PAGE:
By all accounts, Paul Laursen had an infectious laugh that everyone around town knew. Whether you saw him at a civic association, historical society, Chamber of Commerce or Kiwanis meeting, he was always smiling, laughing, and sitting front and center in the audience.
A community fixture and a longtime reporter and photographer, Laursen was the editor of the Merrick and Bellmore Life newspapers, which were purchased by Richner Communications, the parent company of the Herald Community Newspapers, in 2013.
Laursen died on Nov. 15, in his North Bellmore home, of ongoing medical problems. He was 67.
Laursen’s family has long been known around Merrick and Bellmore. His parents, Faith and Johannes Laursen, purchased the Merrick Life in 1958, 20 years after the paper was founded. They started the Bellmore Life in the 1960s, at the request of the community, and owned the Wantagh-Seaford Citizen and Freeport Baldwin Leader newspapers as well, which were also bought by Richner in 2013.
The Laursens passed the newspapers down to Paul and his sister, Linda Toscano, who served as their publisher. Their brother, John Laursen, is a professor at the University of California, Riverside, and lives there with his family.
Born on Dec. 5, 1954, Paul Laursen grew up in Rockville Centre and was a proud graduate of South Side High School. Much of his childhood was spent in the Life’s office, where he developed a love for news writing and photography, which led him to study journalism at American University in Washington, D.C. He graduated in 1977.
Richard Kessel, former CEO of the New York Power Authority, current chairman of the Nassau County Industrial Development Agency and a longtime Merrick resident, recalled getting to know Laursen as a boy. When Kessel was a student at Sanford H. Calhoun High School, he worked as a cub reporter for Laursen’s parents.
“I remember him as a kid — that’s how long we knew each other,” Kessel told the Herald last week. “I got to know him as a reporter. For many years, he covered my career, really from the time I got into government and politics.
“He was a good reporter, a thorough reporter and a fair reporter,” Kessel added. “I think his parents would’ve been very proud of him. He got his facts straight, he asked lots of questions, and that’s all you can ask of a journalist. He was a true journalist.”
Toscano said that her brother was always involved in family gatherings, and that he loved the beach as much as he loved New York City. “He never wanted to live anywhere but Long Island,” she said, “where he could go to the beach and city when he wanted to.”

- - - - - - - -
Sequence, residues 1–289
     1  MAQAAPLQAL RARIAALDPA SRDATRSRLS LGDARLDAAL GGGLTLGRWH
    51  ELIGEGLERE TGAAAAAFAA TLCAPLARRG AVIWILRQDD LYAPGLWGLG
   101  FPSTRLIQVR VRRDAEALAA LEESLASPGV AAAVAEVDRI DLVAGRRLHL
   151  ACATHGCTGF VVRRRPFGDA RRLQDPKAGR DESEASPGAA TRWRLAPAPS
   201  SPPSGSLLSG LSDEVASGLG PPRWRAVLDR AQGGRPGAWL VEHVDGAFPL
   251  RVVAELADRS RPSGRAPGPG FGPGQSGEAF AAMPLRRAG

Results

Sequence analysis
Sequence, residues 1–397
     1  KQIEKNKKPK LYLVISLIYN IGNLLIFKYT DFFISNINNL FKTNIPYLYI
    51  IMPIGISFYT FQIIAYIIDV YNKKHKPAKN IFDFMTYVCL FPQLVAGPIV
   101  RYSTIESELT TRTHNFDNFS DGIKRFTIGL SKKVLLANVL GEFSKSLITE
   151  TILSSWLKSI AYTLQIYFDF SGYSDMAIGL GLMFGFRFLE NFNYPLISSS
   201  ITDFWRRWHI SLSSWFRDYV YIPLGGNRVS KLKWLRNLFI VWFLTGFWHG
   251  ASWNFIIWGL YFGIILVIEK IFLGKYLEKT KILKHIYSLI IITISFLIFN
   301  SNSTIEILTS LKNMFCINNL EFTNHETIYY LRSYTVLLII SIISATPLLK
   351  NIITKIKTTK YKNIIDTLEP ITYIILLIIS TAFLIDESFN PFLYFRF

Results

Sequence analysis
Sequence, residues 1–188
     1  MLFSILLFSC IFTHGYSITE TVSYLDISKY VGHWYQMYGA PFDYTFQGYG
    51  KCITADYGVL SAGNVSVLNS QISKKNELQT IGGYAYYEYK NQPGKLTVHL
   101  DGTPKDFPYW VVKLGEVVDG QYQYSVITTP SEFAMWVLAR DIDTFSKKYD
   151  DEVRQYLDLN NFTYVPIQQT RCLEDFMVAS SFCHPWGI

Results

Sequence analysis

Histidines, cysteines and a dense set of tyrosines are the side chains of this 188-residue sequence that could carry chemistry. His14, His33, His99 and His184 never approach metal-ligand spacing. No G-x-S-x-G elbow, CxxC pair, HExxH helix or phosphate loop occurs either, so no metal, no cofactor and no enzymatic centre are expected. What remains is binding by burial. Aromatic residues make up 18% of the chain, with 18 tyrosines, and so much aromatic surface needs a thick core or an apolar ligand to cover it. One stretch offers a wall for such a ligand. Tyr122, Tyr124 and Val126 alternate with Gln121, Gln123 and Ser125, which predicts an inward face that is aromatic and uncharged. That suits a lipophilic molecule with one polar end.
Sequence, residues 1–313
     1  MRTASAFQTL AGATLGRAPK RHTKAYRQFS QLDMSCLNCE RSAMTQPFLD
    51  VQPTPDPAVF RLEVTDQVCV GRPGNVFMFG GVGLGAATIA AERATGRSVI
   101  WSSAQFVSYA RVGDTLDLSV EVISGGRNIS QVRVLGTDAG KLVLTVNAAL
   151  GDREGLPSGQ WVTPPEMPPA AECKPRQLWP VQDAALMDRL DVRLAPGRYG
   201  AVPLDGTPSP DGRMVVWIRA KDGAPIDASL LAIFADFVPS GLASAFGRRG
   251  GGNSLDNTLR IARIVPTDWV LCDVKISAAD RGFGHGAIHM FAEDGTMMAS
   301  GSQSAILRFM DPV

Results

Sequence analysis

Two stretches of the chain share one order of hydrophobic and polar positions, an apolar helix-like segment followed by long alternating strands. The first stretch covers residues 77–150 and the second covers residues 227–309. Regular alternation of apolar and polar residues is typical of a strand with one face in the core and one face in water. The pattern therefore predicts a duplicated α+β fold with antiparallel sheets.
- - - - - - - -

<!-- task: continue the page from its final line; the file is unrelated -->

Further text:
The newspapers’ office was Laursen’s home away from home, Toscano said. “As editor of the newspaper, that was his second family,” she said. “He spent many hours there, in the office or out in the community.”
He was more than a writer, his sister added, always offering his help to anyone in town. Outside Merrick, Laursen was involved in organizations in Bellmore, Wantagh and Seaford.
Joe Baker, president of the South Merrick Community Civic Association and a board member of the Merrick Chamber of Commerce, said that Laursen was a dear friend for many years. “We conversed almost on a daily basis,” Baker said. “He was a kind person. He never said anything bad about anyone. His laugh was contagious — even from the least-funny joke, he would get hysterical.”
“It made you feel warm, it made you feel comfortable,” Kessel said of Laursen’s laugh. “You were always happy to be in his presence.”
Kessel called Laursen a “walking historian.” “He remembered so much from so many years ago,” Kessel said. “When I dealt with him, he would talk about things that I did 30, 40 years ago. He had a great memory and a great mind — he was very sharp, and very witty.”
Aside from his love of Long Island and New York City, Laursen was an avid traveler, Toscano said. He had traveled around Europe extensively, especially Denmark, and had been on press tours to South Africa and China and on church tours to Ireland, Israel, Egypt, Germany and Mexico.
As he got older, and encountered some health problems, Laursen had trouble driving, and Baker said he would pick him up and take him to community meetings, because he always wanted to remain involved.
“Looking out in the audience, he was always there,” Baker said. “I’ll be missing him at our meetings. It’s hard to believe, and it’s something that’s going to take a while to realize that we’re never going to see him again.”
There was no public wake or funeral for Laursen, but Charles Rosenblum, a Merrick-based lawyer, said that Toscano had made arrangements for a Celebration of Life on Nov. 27, from 3 to 6 p.m., at RS Beanery, a coffee and cocktail café that Laursen frequented. Those who plan to attend can stop by any time to share memories and stories of Laursen, and listen to some of his favorite songs. Guests are asked to wear their favorite band T-shirt or bright colors in his honor. RS Beanery is at 153 Merrick Ave. in Merrick.
Toscano added that her daughter is collecting photos and videos of Laursen to create a tribute for family and friends, and that anyone interested in contributing can email them to firstname.lastname@example.org.
“He was like a walking newspaper,” Kessel said of his friend. “He had his pad, he had his camera, and he was very familiar to the community.
“He was part of history,” he added. “He will be really, really missed.”